77MBA Class SecretaryAlan J. Fisher;



77JD Seaside Retirement

Marianne and Paul Smith retired and left Arlington VA for their home in Bethany Beach DE, where they enjoy a small-town pace. They were four days shy of leaving on a three-week trip to New Zealand and Australia when the COVID lockdown hit. Their travels are presently limited to visiting their sons Jason and Colin who have, luckily, settled with their families in Phoenix about a block apart. Bill Chenoweth’s undergraduate cross country team gathered at Alma College for a 50th anniversary celebration of their conference championship. Running clearly is a healthy habit. Bill’s 94-year-old coach recognized all the runners and could read the congratulatory card without glasses. Bill has traded running for biking, and he has biked the DALMAC (a five-day trek from Lansing to Mackinaw) eight times. To celebrate his birthday this year, daughter Katie Lopez ’05 joined Bill for the five days of riding and camping. I recently met Lynn Jones, a delightful author who worked for Lou Holtz in the football office. Against the backdrop of the 1993 football season, she has woven a moving story of the friendship between two zealous ND fans, an older gentleman and a young girl. The title is Pray for Me, Lou: A Love Story. Using her knowledge of ND football history, Lynn has included facts that bring back great memories. If you have retired or are making retirement plans, please send news and your current email address. — Janey Bennett; 50850 Tarrington Way, Granger IN 46530; 574-298-9251; bus 574-243-4100; jbennett@maylorber.com 


78 Class SecretaryJim “Souls” Coyne;

1801 Butler Pike, Apt. 20, Conshohocken PA 19428; 267-847-8808; jcoyne@cohs.com


78MBA Class Secretary Mamie Anthoine Ney;

350 Alewive Road, Kennebunk ME 04043-6013; res 207-229-0989; bus 207-333-6640 ex 2020; irishwasherwoman@alumni.nd.edu


78JD Father Honored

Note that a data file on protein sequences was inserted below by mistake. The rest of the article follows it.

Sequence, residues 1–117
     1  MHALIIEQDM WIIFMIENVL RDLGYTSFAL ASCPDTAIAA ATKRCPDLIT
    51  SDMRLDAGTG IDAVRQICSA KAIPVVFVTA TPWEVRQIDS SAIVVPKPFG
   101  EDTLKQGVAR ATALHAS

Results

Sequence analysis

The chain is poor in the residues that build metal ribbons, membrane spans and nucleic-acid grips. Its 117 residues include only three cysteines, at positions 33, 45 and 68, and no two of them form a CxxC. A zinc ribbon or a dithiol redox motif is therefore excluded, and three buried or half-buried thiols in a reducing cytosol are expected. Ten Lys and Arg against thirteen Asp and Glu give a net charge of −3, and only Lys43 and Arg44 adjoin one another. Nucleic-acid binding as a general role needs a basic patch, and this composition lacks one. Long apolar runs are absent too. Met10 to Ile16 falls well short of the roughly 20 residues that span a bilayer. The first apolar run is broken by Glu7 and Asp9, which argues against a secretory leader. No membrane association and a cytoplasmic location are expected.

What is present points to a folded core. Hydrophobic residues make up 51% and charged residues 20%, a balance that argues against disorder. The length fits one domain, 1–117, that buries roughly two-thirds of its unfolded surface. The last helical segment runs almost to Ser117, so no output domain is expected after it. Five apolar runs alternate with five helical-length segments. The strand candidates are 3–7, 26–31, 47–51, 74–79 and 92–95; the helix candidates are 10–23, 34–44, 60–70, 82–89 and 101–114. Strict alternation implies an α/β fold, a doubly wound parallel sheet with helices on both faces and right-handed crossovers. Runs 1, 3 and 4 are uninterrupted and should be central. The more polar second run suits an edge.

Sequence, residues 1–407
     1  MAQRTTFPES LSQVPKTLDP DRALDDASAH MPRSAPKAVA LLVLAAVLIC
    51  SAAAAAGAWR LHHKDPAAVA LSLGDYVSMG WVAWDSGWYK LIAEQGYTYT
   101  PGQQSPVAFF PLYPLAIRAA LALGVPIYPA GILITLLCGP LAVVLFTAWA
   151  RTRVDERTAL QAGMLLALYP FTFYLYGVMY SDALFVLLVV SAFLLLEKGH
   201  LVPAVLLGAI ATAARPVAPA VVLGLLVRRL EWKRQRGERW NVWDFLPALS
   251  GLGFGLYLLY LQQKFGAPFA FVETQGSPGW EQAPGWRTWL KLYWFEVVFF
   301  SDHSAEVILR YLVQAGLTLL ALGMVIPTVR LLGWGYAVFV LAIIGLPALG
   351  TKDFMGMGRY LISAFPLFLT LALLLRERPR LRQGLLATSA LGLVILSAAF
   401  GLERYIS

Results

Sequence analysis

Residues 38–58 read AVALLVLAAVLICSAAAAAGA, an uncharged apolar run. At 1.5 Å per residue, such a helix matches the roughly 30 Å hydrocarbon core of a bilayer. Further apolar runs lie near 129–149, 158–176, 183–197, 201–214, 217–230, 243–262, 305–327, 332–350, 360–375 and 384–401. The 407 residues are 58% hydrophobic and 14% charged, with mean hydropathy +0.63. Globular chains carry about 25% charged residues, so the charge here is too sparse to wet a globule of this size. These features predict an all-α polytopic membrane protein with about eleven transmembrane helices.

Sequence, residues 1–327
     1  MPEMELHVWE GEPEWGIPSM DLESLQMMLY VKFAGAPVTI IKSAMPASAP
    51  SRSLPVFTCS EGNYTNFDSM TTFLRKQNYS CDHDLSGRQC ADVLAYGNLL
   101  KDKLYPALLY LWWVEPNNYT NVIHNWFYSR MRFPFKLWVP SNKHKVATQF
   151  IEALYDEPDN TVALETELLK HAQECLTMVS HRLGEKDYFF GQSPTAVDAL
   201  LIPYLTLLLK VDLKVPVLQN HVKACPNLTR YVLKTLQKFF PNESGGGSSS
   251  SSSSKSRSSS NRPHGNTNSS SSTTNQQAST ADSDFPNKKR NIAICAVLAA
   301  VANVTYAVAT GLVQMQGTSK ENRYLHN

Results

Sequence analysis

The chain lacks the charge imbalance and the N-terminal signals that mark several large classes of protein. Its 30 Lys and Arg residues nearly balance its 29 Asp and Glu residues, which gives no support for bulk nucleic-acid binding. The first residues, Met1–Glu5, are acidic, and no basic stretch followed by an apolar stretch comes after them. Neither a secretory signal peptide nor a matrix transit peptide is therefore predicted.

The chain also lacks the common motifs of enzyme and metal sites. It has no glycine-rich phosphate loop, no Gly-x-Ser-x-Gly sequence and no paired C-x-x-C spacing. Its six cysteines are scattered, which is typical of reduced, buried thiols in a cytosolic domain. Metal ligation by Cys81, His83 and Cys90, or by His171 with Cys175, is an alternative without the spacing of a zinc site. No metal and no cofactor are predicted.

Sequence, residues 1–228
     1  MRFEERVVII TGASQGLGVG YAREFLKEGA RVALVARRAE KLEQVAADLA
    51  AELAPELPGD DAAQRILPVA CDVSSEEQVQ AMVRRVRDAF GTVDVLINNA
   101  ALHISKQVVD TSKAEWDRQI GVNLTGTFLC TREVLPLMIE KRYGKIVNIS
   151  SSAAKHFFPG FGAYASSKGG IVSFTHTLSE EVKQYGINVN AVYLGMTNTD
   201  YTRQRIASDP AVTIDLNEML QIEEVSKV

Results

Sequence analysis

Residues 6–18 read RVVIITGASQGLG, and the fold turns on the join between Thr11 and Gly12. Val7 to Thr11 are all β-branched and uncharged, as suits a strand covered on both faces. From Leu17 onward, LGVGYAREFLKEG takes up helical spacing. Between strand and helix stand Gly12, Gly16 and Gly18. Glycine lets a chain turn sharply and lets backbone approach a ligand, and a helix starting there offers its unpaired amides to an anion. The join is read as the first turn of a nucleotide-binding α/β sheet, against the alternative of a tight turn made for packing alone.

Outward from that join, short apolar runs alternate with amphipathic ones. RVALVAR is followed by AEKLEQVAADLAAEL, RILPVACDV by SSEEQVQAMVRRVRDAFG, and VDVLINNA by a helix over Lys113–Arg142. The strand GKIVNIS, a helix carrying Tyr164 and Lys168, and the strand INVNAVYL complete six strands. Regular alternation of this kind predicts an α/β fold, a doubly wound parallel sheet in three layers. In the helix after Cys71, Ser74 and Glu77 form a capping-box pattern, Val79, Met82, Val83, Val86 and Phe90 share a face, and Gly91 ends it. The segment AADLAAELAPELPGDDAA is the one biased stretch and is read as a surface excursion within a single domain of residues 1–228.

Doug Weimer was surprised and pleased to learn that a building at the U of Pittsburgh at Johnstown PA will be named in honor of his father, the late Reid A. Weimer (1916-95). The elder Weimer, an educator and community activist, was an important force behind the planning and the opening of Pitt’s Johnstown Richland campus in the late 1960s and early 1970s. Dedication ceremonies are planned for 2022. Doug and his family have established several undergraduate scholarships in memory of his parents, and he is in the process of endowing a professorship in education. Doug serves on the University’s board of trustees/advisors. Bill Solomon, who retired a few years ago from his job as the general counsel with GMAC/Ally Financial for 17 years, wrote: “The news is that I love retirement and enjoy every minute away from the regular practice of law, though helping out family and friends from time to time with legal matters still keeps me busy. Mostly, Fran and I (married 45 years last June) are enjoying the latest two additions to our now 13 grandchildren. One is in Texas and the other just a few miles from our home here in Michigan. Mostly we are doing a lot of travel, domestically since COVID, to South Dakota, Wyoming, Colorado, Texas, Kentucky and Illinois. Last fall I drove the 800-mile Santa Fe Trail which celebrated its 200th anniversary in September. We read lots of related historical books about the travel venues, mostly enjoying the best that life has to offer. Earlier this year, I went through a bunch of old film slides I had from our law school days in South Bend and our second year in London and sent a few of them to some of our classmates. I received some nice notes of gratitude.” James A. Masters says, “I enjoy practicing law, I am not planning to retire, and I have done nothing to brag about other than to say that I have a wonderful wife, Nancy ’76SMC, and we have three great sons, Bob ’05, John ’06 and Jim ’10. We have a good life and we are very happy. Bob practices law with me in South Bend. John practices with a law firm in the Chicago Loop and northwest Indiana. Jim is a patent agent with a patent law firm in Washington DC and will graduate from Georgetown Law School in May 2022.” Please send news. — Vincent R. Johnson; vjohnson@stmarytx.edu